Getting a LEED Gold certification for the use of sustainable green-building techniques is a hard enough thing to achieve that, when you can do it for a historic renovation project, you're in pretty exclusive company. Boston's First Church of Christ, Scientist. A 1905 structure at President Lincoln's Cottage in Washington, DC. The Council on Foreign Relations HQ in the capitol... to name a few prominent examples.
While it's hard to win the certification for a single project, it's even rarer to garner the certification for a multi-building campus to get that certification across it's entire expanse.
But that's what Golden Belt has done, with developer Scientific Properties announcing Monday that it became the first Gold-certified historic campus in the southeast US.
The team led by Scientific's Gary Kueber -- no stranger to preservation or the blogosphere, with his popular sidelight web site Endangered Durham -- "earned every LEED point we submitted," Kueber noted in a press release. From the press release:
From selecting a former brownfield site to reusing 95% of the existing walls, ceilings and roof, recycling defines Golden Belt. The project reuses existing buildings with at least 10% of all new construction materials regionally/locally sourced and 75% of construction waste recycled.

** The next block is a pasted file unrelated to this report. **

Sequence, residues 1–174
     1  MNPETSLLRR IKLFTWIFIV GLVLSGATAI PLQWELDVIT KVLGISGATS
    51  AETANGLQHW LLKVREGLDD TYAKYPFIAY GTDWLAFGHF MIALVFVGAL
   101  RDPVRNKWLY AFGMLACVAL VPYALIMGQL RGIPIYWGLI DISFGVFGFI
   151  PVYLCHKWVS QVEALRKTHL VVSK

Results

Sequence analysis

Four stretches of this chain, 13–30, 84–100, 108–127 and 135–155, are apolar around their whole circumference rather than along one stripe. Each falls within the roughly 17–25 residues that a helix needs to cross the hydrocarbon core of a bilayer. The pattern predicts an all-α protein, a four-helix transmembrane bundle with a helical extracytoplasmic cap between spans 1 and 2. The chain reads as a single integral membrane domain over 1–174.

LEED certification at Golden Belt also meant the inclusion of water conserving fixtures and sustainably harvested materials like bamboo that help conserve natural resources. Abundant windows with insulated, solar-shaded glass provide copious amounts of natural light and contribute to Golden Belt’s 35% campus-wide energy savings....
A talented team was assembled to achieve Gold certification at Golden Belt. Belk Architecture, CT Wilson Construction Company, and multiple subcontractors worked to provide design and materials that would meet LEED standards. Southern Energy Management performed energy modeling, and Systemworcx commissioned the building mechanical systems.